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Collecting Amazing Stories

I think we’ve all heard it before – tell the stories of the individuals and families who your organization impacts. Stories are emotional, paint a picture, and build awareness. But when it comes down to it, why do we shy away from collecting and telling stories?

One answer is that the process can be time-consuming. It can take several hours to identify a storyteller, conduct the interview, write the story, snap compelling photos, get an approval of the final version, and finally share the story. (I’m tired already!)  Even after a story is ready to share, it may not be extremely compelling. 

In this blog, I’m not going to share a secret or offer a shortcut to easy story collecting and telling, although sometimes I wished there was one. Over the past several months, I learned three important lessons that can help us collect better stories to share. Here’s what I learned:

1.  Never assume

I interviewed countless mothers and towards the end of the tax season one woman, like many others I interviewed, talked proudly about raising her children. Feeling connected to her within a few minutes of the interview, I asked if she ever wanted to be a mother—which felt like an odd question, and I braced myself for an obvious answer. However, she surprised me and said, “No.” Her answer opened the door for me to ask her questions about how she grew into her role as a mom when she never wanted to be one. This was one of the best interviews because I asked a question where I assumed I knew the answer.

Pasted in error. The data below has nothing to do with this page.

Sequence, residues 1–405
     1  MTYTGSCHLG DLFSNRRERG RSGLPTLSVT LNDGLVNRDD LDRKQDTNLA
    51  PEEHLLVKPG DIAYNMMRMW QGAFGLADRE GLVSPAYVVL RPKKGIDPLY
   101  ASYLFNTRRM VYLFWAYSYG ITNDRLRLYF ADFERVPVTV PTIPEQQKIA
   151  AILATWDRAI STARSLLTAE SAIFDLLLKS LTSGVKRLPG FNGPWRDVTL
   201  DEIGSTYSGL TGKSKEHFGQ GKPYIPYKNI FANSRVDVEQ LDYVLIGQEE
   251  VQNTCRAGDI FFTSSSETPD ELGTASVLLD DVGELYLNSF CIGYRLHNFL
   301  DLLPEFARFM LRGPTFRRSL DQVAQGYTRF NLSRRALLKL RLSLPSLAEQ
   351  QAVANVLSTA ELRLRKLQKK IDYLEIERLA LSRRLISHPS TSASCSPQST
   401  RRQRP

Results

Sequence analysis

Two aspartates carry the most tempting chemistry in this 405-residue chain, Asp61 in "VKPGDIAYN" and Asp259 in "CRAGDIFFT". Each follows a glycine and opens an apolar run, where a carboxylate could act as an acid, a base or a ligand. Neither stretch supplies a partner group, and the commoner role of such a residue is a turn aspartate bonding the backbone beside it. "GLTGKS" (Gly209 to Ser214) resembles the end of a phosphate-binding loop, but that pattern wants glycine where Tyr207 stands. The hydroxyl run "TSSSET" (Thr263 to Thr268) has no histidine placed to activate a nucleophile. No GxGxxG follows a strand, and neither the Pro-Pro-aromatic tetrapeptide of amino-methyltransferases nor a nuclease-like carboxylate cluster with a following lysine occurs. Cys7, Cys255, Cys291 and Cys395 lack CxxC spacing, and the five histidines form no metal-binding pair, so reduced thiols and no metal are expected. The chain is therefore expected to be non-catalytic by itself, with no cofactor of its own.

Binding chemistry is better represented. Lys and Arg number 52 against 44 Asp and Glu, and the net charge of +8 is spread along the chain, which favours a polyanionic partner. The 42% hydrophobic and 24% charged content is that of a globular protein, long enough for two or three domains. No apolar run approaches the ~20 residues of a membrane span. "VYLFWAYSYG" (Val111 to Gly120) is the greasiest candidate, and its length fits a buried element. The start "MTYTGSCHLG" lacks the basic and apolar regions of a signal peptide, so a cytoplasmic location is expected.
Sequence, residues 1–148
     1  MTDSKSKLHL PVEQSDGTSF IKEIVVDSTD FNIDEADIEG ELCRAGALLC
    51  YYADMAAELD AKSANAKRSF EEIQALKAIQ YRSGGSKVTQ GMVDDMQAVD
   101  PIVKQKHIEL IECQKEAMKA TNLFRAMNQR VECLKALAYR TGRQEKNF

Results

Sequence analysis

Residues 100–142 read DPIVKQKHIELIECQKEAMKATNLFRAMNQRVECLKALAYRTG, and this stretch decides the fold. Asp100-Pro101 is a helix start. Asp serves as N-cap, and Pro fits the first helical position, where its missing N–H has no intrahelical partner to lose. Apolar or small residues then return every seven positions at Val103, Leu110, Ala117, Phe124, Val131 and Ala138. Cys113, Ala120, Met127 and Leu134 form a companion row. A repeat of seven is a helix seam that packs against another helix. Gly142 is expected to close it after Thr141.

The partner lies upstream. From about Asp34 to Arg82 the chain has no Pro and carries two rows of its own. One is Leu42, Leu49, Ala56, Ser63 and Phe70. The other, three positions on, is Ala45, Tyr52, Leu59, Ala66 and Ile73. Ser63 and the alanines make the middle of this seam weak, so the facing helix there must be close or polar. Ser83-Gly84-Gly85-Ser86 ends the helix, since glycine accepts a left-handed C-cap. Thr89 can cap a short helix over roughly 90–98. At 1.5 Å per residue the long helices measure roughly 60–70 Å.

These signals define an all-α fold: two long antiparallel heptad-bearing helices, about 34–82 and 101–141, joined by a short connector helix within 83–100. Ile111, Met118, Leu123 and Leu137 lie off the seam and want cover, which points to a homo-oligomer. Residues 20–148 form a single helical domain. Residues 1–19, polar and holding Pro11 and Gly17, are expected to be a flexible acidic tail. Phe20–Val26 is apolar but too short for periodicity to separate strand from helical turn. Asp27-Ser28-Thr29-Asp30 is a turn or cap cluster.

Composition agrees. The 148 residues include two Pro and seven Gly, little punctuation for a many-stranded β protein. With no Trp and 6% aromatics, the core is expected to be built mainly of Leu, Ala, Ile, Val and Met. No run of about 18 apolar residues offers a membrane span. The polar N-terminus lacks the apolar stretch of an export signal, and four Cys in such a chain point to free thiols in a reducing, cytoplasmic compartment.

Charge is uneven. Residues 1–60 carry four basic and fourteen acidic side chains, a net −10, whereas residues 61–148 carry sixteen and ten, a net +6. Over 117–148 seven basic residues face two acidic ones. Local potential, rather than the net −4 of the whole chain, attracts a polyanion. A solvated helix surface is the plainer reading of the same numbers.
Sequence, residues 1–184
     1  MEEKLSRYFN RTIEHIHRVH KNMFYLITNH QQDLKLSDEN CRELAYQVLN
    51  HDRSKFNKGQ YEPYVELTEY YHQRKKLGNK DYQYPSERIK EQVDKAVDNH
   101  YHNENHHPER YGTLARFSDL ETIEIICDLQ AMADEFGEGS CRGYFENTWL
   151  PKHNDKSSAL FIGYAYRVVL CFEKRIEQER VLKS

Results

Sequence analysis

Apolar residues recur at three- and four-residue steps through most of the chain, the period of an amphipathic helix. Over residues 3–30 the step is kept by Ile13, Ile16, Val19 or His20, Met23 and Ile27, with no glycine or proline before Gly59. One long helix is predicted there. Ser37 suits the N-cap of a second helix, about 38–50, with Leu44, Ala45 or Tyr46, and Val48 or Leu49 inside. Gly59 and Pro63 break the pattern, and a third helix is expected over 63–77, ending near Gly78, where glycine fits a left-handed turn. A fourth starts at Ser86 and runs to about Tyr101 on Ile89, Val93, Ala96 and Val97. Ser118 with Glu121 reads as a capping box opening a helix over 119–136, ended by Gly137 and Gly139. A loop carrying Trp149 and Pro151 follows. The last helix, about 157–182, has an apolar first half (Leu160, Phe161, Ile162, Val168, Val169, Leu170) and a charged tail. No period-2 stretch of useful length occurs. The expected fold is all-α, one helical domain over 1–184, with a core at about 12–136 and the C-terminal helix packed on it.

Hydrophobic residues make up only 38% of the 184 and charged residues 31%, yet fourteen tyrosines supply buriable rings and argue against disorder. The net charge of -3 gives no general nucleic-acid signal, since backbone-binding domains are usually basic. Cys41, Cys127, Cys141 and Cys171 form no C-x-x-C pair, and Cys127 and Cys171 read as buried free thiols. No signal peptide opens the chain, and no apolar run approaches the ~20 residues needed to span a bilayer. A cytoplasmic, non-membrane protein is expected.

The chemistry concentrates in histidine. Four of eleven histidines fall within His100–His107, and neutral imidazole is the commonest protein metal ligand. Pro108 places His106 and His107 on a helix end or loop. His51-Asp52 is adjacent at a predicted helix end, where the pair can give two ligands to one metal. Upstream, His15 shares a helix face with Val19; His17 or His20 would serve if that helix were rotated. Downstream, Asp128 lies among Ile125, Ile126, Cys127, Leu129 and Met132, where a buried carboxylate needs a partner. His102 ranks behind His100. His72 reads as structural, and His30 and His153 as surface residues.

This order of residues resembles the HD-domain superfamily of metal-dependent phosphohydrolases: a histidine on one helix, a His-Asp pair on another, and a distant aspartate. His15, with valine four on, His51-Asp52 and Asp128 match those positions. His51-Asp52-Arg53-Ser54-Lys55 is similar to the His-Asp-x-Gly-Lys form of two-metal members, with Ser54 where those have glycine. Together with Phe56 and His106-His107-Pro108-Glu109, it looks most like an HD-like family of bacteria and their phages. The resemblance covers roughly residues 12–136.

2.  Listening is difficult

Listening seems like a no-brainer when interviewing, but it’s extremely difficult. There have been countless times when something has popped into my head and strayed me away from being fully present. One particular interview was difficult because it took place outside on a beautiful Thursday afternoon. This challenged my ability to listen to the whole story and dig deeper by asking thoughtful follow-up questions. I learned to focus on staying present, no matter the circumstance, because I did not want to risk missing the most important sentence of the story.

3.  It’s okay to ask vulnerable questions

Earlier this month I was coaching Drew, our new story collection intern, about asking vulnerable questions during an interview. We do this in order to pick apart the layers of the individual and get at his or her core. So I had him practice with our colleague, Christine. During the interview, Drew asked a lot of broad questions and near the end, he knew several facts about Christine but didn’t know what made Christine tick.

So I asked her one broad question and always had a follow-up question to her answer. The series of questions led me to ask, “Was there a time in your life when you wished you would have gotten more help?” This allowed Christine to open up and share about an experience early in her life that influenced her career path. Not only did we learn something new about our colleague, we learned that asking vulnerable questions give the storyteller the opportunity to open up.

These lessons are not necessarily new to me, and they’re likely not new to you, but sometimes we forget them. Even after writing this blog, I’ll make mistakes and forget to listen deeply or ask a vulnerable question the next time I conduct an interview. The good news is that it doesn’t matter how many times we forget; it only matters that we have the capacity to reflect on the process and work hard to improve the next time so we don’t shy away from telling amazing stories. 

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